The US Food and Drug Administration yesterday gave Abbott Laboratories’ antiobesity drug, Meridia (sibutramine), the thumbs up to remain on the market – despite calls by consumer group Public Citizen seeking to have it withdrawn on safety concerns. The agency concluded: “Meridia’s overall risk-benefit profile supports it remaining available as a prescription drug for the treatment of appropriately selected obese patients”

Public Citizen has twice called for the US drug regulator to pull Meridia, and now claims there have been “more than 50 cardiovascular deaths, many in young people” [[04/09/03d]], [[20/03/02c]]. However, a spokesperson for Abbott told PharmaTimes News Online previously that the risk of death in untreated obesity was much greater than amongst the patient population receiving Meridia. And, this decision was supported by Europe's regulatory body in June 2002, which backed the risk-benefit profile of Reductil, as it is known there [[28/06/02a]].

"Public Citizen's initial petition was not based on valid scientific analysis, minimized the seriousness of obesity and unnecessarily alarmed and misled patients. Patients must be afforded every possible, effective treatment option when it comes to fighting obesity," said Robert Kushner, professor of medicine, Northwestern University Feinberg School of Medicine, in a statement from Abbott. Added John Leonard, vice president, Global Medical and Scientific Affairs, Abbott: "This decision is good news for obese patients and their physicians who are considering pharmacotherapy who may have been alarmed by Public Citizen's campaign of fear, confusion and misinformation."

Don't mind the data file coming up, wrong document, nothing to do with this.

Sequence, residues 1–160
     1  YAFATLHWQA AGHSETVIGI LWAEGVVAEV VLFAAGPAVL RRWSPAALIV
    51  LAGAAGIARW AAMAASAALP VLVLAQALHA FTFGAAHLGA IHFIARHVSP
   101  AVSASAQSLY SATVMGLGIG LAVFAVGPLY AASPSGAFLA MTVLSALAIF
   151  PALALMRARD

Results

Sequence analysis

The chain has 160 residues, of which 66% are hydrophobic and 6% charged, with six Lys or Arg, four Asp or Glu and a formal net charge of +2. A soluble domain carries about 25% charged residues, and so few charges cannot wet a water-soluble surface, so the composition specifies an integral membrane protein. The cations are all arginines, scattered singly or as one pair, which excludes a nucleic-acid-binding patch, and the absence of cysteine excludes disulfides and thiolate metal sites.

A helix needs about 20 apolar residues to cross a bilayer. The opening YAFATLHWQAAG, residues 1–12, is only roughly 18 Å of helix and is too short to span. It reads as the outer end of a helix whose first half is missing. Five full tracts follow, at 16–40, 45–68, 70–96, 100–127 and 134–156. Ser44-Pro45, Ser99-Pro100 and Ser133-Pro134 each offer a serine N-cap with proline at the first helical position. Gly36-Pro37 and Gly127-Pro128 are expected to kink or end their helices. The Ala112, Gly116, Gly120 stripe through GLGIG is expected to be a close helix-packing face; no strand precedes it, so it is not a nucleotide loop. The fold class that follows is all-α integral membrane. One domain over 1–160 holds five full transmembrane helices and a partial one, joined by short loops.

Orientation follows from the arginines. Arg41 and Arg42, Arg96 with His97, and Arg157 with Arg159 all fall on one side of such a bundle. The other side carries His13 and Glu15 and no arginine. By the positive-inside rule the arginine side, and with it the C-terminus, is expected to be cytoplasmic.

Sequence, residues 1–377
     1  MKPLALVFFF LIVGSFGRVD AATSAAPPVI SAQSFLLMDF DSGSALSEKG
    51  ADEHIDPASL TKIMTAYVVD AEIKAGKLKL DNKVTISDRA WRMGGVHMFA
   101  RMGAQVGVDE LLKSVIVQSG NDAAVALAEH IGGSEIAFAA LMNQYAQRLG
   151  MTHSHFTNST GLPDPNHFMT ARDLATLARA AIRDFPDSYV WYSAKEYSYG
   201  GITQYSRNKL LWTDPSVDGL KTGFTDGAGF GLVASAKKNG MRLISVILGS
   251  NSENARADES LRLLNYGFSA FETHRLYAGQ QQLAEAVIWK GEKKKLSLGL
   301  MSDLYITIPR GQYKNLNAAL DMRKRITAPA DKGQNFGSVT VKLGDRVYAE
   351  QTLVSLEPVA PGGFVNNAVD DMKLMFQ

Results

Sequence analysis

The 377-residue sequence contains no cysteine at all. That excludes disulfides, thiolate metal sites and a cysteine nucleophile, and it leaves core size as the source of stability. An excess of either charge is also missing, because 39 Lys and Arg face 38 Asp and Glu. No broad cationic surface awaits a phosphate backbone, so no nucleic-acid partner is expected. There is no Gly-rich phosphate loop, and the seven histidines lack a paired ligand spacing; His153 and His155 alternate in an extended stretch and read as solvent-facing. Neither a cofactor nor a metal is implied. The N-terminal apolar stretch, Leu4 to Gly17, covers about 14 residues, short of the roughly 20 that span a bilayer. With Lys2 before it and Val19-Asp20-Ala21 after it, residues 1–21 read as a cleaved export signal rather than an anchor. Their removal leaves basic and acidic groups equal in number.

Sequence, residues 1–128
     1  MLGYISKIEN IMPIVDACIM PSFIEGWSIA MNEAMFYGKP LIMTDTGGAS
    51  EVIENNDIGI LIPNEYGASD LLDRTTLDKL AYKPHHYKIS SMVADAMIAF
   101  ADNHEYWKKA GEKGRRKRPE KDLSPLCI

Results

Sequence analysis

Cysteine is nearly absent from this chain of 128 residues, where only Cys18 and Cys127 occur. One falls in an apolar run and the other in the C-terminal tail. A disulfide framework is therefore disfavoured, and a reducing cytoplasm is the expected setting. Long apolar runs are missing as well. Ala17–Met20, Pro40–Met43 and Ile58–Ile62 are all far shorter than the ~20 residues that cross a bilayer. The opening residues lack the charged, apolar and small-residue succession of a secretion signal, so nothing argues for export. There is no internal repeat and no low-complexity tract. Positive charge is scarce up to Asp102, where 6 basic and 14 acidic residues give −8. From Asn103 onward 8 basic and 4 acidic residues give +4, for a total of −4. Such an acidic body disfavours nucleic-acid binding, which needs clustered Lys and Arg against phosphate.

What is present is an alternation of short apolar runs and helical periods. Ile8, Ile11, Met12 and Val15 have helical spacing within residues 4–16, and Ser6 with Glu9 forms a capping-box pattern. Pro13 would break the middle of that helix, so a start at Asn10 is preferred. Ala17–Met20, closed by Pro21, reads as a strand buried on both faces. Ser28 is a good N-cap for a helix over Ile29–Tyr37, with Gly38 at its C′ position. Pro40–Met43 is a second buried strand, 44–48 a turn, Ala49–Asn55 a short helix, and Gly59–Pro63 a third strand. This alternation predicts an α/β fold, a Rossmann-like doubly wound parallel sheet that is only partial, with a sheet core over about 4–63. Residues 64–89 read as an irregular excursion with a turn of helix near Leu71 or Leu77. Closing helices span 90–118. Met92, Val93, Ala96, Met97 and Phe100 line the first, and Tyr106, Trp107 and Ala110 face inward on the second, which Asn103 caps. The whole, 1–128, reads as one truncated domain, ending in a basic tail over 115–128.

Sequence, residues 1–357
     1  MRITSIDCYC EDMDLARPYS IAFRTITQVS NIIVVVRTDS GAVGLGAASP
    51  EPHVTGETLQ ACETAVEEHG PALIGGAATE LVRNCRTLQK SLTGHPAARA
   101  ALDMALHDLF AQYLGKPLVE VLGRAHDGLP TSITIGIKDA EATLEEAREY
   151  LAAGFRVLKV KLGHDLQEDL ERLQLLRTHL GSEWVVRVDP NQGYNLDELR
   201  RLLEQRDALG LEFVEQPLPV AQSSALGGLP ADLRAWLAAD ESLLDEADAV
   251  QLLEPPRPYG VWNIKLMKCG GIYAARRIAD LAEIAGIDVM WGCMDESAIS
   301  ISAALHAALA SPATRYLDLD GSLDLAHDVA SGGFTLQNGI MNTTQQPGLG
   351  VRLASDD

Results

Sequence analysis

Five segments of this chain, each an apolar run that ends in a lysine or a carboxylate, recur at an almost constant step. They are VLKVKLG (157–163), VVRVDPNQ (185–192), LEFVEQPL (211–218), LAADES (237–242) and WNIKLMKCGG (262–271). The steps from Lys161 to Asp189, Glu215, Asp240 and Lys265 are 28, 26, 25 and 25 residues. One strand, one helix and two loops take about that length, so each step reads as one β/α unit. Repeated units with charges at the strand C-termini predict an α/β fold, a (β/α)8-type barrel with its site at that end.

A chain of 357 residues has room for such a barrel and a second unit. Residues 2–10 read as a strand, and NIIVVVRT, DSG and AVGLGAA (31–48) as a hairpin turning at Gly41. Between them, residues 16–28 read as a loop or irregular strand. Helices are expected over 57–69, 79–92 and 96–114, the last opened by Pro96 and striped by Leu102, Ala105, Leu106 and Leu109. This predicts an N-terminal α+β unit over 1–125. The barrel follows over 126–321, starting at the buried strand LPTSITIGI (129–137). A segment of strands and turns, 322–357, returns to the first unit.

In a statement yesterday, Public Citizen said: “Once again, the FDA is siding with a large drug company, much as [it] did several years ago with Merck concerning Vioxx. How many more dangerously flawed decisions will the FDA make before the Congress repeals the Prescription Drug User Fee Act, which brings the agency ever closer to – and makes the agency less vigilant over – the companies that give it almost $200 million a year in funding?” Certainly Dr David Graham, the FDA scientist who called the Vioxx furore “a terrible tragedy” may agree. Last year, in a statement to the US Senate Finance Committee, he named five drugs that he believed posed a risk to human health and should be use-restricted or removed from the market. Meridia was one of those five on the list that also included cholesterol drug Crestor, painkiller Bextra, acne drug Accutane and asthma medicine Serevent [[22/11/04a]].